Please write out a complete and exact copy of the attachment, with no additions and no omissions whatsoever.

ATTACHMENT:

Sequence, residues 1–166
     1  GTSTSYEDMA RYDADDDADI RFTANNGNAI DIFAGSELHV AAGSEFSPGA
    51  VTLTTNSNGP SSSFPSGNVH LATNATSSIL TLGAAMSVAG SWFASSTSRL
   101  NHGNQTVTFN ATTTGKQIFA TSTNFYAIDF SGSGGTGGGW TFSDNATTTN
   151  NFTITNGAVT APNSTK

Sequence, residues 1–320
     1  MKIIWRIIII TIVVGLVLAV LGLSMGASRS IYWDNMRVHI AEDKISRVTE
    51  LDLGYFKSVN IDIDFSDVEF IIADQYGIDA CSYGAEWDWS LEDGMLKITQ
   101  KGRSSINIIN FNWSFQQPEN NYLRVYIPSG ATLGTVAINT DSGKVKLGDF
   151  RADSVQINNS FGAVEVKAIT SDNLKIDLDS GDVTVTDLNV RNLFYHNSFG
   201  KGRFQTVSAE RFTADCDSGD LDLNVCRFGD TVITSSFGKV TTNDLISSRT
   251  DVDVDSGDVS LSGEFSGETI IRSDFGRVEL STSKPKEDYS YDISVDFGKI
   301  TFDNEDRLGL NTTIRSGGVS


Sequence, residues 1–166
     1  GTSTSYEDMA RYDADDDADI RFTANNGNAI DIFAGSELHV AAGSEFSPGA
    51  VTLTTNSNGP SSSFPSGNVH LATNATSSIL TLGAAMSVAG SWFASSTSRL
   101  NHGNQTVTFN ATTTGKQIFA TSTNFYAIDF SGSGGTGGGW TFSDNATTTN
   151  NFTITNGAVT APNSTK

Sequence, residues 1–320
     1  MKIIWRIIII TIVVGLVLAV LGLSMGASRS IYWDNMRVHI AEDKISRVTE
    51  LDLGYFKSVN IDIDFSDVEF IIADQYGIDA CSYGAEWDWS LEDGMLKITQ
   101  KGRSSINIIN FNWSFQQPEN NYLRVYIPSG ATLGTVAINT DSGKVKLGDF
   151  RADSVQINNS FGAVEVKAIT SDNLKIDLDS GDVTVTDLNV RNLFYHNSFG
   201  KGRFQTVSAE RFTADCDSGD LDLNVCRFGD TVITSSFGKV TTNDLISSRT
   251  DVDVDSGDVS LSGEFSGETI IRSDFGRVEL STSKPKEDYS YDISVDFGKI
   301  TFDNEDRLGL NTTIRSGGVS